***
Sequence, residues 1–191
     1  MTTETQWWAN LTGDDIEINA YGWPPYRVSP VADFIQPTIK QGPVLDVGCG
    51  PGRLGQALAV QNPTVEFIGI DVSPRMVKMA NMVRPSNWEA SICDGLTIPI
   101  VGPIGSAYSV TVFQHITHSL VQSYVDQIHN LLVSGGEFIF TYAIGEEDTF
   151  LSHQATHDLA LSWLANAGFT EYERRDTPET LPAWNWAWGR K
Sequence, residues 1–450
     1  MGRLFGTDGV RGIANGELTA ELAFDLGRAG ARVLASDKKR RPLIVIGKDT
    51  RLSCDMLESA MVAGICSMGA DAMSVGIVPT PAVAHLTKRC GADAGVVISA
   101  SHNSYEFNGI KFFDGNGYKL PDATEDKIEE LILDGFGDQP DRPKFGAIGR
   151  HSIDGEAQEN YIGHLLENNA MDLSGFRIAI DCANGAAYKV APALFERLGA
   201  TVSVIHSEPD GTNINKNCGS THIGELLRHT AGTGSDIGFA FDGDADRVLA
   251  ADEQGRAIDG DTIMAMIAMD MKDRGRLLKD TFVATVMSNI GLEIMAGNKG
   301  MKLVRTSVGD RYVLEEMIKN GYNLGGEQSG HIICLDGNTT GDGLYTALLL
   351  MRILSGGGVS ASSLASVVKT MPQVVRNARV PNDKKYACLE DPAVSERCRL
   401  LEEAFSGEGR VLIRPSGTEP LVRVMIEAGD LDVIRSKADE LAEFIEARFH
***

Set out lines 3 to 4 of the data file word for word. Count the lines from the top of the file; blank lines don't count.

    51  PGRLGQALAV QNPTVEFIGI DVSPRMVKMA NMVRPSNWEA SICDGLTIPI
   101  VGPIGSAYSV TVFQHITHSL VQSYVDQIHN LLVSGGEFIF TYAIGEEDTF